“We believe in building and managing remote talent by nurturing a challenging yet inclusive space where your team members feel connected, engaged and valued,” he added. “Our coaching program is the ‘secret sauce’ providing personal leadership coaching to support and guide them in their personal and professional growth.”

Embracing overseas talent

With COVID-19 triggering a significant shift in how people work, the rapid transition from physical offices to remote set-ups has lowered the barriers of entry to sourcing overseas talent – not only is it feasible, it’s proving “highly effective”.

Whether a consultancy firm, managed service provider (MSP), system integrator or value-added reseller (VAR), Boyce advised that local companies are increasingly embracing technical skills markets beyond Australian borders, outlining four key motivations.

  • Expanded talent pool
  • Skills and flexibility
  • Cost optimisation
  • Distributed teams

“This expanded talent pool provides access to a broader range of skills, experiences and perspectives,” Boyce explained.

For Boyce, the pandemic has also underscored the importance of “adaptable and flexible” teams capable of navigating changing circumstances.

“Prioritise hiring technical expertise and support that possess skills and attributes suitable for remote work, such as self-motivation, effective communication and the ability to collaborate virtually,” he recommended.

“The economic impact of the pandemic has led many organisations to reevaluate their cost structures. Hiring technical expertise and support remotely can often reduce overhead costs including expenses associated with office space and infrastructure.”

Enabling all of the above is a culture of remote work that has taken over the corporate world, with the idea of building distributed teams now commonplace among organisations across a range of sectors.

“This shift has opened up opportunities to hire technical expertise and support regardless of their physical location, reducing the need for on-the-ground presence,” Boyce said. “The widespread use of virtual collaboration tools, such as video conferencing, project management software and cloud-based communication platforms, has facilitated this collaboration.”

Starting the recruitment process

For tech providers encouraged at the potential of side-stepping the Australian talent war by focusing efforts overseas, Boyce offered a five-step approach to kick-starting the recruitment process.

  • Leverage professional networks: Tap into professional networks, both online and offline, to seek recommendations and connections to overseas talent. Engage with industry-specific forums, social media groups and professional platforms like LinkedIn to expand your network and connect with potential candidates or industry experts in specific regions.
  • Engage with local tech communities: Actively participate in and contribute to local tech communities, both in your home country and overseas. Attend conferences, meet-ups and industry events focused on tech and innovation. This can help you connect with professionals from different regions and gain insights into the talent landscape.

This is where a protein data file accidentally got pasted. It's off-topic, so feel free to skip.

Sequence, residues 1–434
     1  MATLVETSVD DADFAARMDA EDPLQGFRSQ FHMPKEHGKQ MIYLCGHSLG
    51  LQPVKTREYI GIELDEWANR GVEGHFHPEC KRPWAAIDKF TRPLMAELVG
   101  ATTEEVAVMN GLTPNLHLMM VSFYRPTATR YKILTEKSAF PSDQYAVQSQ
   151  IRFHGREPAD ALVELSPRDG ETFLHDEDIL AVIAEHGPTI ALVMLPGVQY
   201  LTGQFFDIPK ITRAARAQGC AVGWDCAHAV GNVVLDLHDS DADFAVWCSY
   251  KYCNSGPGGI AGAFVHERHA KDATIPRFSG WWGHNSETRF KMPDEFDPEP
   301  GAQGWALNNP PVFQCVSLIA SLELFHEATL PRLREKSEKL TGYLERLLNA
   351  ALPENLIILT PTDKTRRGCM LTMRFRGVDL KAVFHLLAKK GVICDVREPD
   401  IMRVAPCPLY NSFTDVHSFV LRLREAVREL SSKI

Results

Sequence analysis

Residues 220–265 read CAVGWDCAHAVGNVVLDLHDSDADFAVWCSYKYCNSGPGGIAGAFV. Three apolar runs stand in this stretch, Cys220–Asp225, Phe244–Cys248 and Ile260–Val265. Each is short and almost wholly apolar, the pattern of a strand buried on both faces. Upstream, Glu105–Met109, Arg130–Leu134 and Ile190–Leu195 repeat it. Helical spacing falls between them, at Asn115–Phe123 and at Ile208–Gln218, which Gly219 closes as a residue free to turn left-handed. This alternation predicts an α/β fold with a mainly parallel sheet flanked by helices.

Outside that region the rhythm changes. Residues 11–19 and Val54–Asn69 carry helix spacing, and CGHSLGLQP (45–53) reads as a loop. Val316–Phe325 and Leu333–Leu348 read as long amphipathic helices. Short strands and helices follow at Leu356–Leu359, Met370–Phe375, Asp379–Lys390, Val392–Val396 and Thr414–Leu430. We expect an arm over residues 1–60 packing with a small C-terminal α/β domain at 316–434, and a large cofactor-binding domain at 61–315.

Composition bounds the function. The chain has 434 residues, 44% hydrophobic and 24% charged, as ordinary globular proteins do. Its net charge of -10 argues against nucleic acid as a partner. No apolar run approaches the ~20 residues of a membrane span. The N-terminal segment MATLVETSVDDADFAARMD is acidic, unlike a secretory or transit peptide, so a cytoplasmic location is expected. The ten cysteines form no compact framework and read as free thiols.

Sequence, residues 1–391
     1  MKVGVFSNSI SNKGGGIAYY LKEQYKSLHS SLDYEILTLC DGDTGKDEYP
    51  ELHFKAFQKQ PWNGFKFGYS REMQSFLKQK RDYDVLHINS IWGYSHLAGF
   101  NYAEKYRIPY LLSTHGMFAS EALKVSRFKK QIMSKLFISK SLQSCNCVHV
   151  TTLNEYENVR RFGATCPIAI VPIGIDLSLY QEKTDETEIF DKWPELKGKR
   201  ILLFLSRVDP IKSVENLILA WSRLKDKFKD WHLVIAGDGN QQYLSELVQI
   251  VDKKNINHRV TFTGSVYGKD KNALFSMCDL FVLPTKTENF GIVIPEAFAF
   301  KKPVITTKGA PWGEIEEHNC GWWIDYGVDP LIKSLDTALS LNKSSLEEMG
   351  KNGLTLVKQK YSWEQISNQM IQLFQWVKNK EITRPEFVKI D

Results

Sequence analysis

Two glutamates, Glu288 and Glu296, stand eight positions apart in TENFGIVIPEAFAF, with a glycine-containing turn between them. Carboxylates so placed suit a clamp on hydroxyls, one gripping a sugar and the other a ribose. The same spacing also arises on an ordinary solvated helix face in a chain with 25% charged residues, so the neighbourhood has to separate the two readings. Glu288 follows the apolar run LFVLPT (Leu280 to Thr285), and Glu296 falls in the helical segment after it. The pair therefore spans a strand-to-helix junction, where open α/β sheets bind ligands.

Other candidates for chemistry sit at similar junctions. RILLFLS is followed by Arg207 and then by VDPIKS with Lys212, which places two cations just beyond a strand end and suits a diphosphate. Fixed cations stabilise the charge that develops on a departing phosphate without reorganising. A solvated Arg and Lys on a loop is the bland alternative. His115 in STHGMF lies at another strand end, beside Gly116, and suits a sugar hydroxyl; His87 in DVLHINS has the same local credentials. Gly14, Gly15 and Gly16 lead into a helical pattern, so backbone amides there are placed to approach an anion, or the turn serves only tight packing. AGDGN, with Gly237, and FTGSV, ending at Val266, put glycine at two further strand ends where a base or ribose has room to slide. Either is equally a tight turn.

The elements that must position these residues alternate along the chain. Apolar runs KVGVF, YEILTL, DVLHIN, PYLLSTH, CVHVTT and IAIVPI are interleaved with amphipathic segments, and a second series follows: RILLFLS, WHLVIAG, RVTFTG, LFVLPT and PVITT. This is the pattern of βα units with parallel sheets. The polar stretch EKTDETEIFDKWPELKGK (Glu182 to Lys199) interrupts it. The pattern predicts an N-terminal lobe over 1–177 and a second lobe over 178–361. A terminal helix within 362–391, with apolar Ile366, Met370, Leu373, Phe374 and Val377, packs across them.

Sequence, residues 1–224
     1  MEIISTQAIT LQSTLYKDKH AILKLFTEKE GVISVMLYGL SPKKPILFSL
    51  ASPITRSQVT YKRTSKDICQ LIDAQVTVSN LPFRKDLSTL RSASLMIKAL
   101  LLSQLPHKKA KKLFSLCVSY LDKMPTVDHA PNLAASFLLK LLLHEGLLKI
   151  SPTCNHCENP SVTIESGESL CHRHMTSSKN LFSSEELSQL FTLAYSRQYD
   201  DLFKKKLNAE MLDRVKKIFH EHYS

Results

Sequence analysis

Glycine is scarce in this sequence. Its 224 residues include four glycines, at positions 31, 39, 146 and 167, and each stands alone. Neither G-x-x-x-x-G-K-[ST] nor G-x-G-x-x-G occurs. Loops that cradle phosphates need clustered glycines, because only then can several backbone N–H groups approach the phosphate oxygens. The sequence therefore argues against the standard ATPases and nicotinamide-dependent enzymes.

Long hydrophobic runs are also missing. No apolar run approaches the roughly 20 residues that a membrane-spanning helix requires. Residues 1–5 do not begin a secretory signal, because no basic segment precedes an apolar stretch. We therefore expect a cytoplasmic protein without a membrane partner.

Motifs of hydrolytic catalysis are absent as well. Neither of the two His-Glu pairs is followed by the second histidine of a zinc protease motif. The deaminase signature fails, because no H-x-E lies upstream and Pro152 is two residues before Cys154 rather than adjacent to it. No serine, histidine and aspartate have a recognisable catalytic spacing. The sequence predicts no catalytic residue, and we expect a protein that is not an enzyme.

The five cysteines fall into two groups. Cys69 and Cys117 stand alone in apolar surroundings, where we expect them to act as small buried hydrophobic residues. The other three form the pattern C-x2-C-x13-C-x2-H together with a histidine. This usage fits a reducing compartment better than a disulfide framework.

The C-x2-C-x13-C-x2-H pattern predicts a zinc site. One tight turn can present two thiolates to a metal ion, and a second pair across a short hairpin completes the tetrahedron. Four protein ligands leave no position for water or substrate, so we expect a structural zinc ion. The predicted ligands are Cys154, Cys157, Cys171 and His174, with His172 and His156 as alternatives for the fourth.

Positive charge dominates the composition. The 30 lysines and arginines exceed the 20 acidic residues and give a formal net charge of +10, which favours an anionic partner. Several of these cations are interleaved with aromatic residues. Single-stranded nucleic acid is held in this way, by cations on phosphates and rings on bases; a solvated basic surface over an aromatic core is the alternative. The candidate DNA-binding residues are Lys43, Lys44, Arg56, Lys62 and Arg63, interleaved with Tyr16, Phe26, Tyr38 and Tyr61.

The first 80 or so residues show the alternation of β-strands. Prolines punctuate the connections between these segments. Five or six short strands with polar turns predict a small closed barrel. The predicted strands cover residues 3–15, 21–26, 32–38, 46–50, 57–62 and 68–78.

• Collaborate with local partners: Establish partnerships or collaborations with local organisations, universities or research institutions in countries or regions known for their tech talent. These partners can provide valuable insights, referrals or even facilitate talent acquisition programs.
  • Leverage online job platforms: Utilise online job platforms that have a global reach, allowing you to post job openings and attract talent from around the world. Platforms such as Indeed, LinkedIn, Stack Overflow, and GitHub Jobs have international reach and can help you connect with overseas talent.
  • Engage with a talent sourcing business: Consider partnering with experienced tech resourcing companies that specialise in sourcing, training and supporting talent from specific regions. These businesses can help you navigate the hiring process, conduct candidate screenings and assist with international hiring logistics. They should then work with your local teams to build culture and support each member in their roles to foster personal skills growth and longevity in their roles.

For Boyce, organisations should also develop a “robust selection process” that includes interviews, technical assessments and cultural fit evaluations, leveraging video conferencing tools to connect with candidates overseas.

“When evaluating overseas talent, consider cultural fit and their ability to adapt to your organisation’s values, work culture and collaboration styles,” he recommended.

Boyce said cultural compatibility is important for effective teamwork and successful integration into a tech provider environment – it not only enhances team performance but also plays a significant role in talent retention.

“It’s crucial to establish clear goals and work expectations,” he added. “Regular check-ins, feedback and collaboration play a vital role in supporting remote talent to become valuable contributors to your team.”